This butterfly is most often seen with its wings raised up, allowing it to hide its bright blue and black topside from view. People are really only able to glimpse that gorgeous color when it is flying, and that glimpse is fleeting. Very rarely, it is found with its wings open flat, and even rarer is the chance that someone is camera-ready to capture the moment. We are grateful to Mark for sharing this image with us. The more commonly seen colors on the White M Hairstreak better explain its common name. Underneath, the wings are pale brown-gray. On the hindwing, one thin white line crosses the wing and zigzags into the shape of an ‘M’ or a ‘W’ depending on how you see it. A faint line closer to the edge has a bold red-orange dot on it near the bottom. The forewing has a similar pattern but without the red dot. Short tails extend from the hindwings.
Adults are often found in the proximity of oak trees, the food plant for caterpillars. Caterpillars are green or light brown, or a transitional mix of both colors. The shape is more like a slug or pill bug: plump and humped. Up to three broods are possible in one year, especially in the southern states. Like other butterflies, adults take nectar from flowers from spring through autumn.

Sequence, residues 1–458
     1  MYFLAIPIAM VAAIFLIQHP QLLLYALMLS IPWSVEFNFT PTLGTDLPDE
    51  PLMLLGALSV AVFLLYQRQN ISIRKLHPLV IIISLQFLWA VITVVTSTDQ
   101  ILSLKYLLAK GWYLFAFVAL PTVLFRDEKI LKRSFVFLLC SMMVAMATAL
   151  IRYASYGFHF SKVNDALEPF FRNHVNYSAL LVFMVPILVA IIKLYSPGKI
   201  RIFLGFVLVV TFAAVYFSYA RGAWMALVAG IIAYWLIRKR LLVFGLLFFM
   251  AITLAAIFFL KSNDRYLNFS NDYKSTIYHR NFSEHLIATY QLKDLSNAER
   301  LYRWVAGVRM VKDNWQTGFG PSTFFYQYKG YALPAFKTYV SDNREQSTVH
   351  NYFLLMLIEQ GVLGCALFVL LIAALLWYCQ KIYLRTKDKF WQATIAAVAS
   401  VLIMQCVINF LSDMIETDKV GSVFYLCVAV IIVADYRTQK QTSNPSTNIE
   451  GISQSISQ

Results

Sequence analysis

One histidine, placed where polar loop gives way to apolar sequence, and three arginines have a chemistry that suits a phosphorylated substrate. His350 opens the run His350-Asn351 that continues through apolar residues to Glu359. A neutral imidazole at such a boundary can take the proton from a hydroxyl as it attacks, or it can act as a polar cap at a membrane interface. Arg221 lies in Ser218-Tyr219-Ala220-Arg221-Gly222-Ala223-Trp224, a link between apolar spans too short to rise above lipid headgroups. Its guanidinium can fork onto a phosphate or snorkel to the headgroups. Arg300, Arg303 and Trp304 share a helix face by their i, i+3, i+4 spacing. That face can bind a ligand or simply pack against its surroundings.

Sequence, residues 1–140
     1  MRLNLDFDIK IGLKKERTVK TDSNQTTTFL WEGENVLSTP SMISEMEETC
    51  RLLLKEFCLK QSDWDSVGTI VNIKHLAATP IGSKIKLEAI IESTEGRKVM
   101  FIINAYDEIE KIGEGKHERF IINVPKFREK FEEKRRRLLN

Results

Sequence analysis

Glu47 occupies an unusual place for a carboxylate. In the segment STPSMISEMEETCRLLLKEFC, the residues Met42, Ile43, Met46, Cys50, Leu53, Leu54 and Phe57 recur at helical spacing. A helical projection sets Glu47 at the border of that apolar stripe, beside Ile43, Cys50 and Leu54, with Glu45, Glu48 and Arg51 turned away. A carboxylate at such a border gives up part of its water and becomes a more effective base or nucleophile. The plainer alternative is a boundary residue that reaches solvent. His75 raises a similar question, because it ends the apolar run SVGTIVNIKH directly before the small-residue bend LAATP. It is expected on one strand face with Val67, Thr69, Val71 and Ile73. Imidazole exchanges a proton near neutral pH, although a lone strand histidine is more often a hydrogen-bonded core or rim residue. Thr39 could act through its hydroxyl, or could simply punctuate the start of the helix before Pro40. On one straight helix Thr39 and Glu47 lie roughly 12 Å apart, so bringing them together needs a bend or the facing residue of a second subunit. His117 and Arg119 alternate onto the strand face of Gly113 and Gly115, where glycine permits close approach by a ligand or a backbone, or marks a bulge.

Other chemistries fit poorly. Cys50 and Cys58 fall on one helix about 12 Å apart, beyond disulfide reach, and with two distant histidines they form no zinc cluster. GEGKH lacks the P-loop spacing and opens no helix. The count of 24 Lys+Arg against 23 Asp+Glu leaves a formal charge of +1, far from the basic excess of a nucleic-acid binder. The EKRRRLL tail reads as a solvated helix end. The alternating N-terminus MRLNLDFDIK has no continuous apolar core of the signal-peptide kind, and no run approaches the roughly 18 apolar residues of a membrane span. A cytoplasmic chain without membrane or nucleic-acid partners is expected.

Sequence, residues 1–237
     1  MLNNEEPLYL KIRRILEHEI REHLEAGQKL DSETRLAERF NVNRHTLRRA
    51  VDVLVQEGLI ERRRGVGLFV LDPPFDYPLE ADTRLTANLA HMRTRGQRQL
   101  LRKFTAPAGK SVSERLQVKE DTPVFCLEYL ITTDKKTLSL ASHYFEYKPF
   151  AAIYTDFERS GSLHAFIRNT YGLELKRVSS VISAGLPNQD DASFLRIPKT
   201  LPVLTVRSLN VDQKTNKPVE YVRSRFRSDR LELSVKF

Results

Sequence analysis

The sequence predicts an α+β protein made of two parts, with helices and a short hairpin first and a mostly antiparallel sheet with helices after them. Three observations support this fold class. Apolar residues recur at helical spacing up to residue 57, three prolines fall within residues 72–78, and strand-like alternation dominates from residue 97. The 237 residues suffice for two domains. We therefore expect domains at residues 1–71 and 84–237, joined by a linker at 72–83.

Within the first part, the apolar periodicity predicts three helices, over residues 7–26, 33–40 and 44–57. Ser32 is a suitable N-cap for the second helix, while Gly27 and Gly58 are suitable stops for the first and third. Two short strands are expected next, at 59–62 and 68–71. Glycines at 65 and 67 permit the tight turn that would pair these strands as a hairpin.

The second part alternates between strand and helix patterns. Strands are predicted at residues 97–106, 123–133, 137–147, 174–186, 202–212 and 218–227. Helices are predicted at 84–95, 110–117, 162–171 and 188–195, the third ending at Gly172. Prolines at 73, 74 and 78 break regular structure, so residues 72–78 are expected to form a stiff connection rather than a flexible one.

General Characteristics Capability, Shape, Texture/Pattern, Benefits, Dangers
Note: An insect's reach is not limited by lines drawn on a map and therefore species may appear in areas, regions and/or states beyond those listed above as they are driven by environmental factors (such as climate change), available food supplies and mating patterns.
Territorial Map U.S., Canada, and Mexico
Prince Edward Is.
Butterfly and Moth Anatomy
Antennae: Butterflies and Moths have a pair of antennae on the head used for sensing.
Head: The head is home to the insect's eyes, antennae, and proboscis.
Thorax: Home to the three pairs of legs as well as vital internal organs.
Abdomen: Contains vital internal organs such as the heart(s) and reproduction facilities.
Forewing: The upper, forward wing pair used for flying.
Hindwing: The lower, rearward wing pair used for flying.
NOTE: Butterflies and Moths are part of the Lepidopteran order as they share many similarities.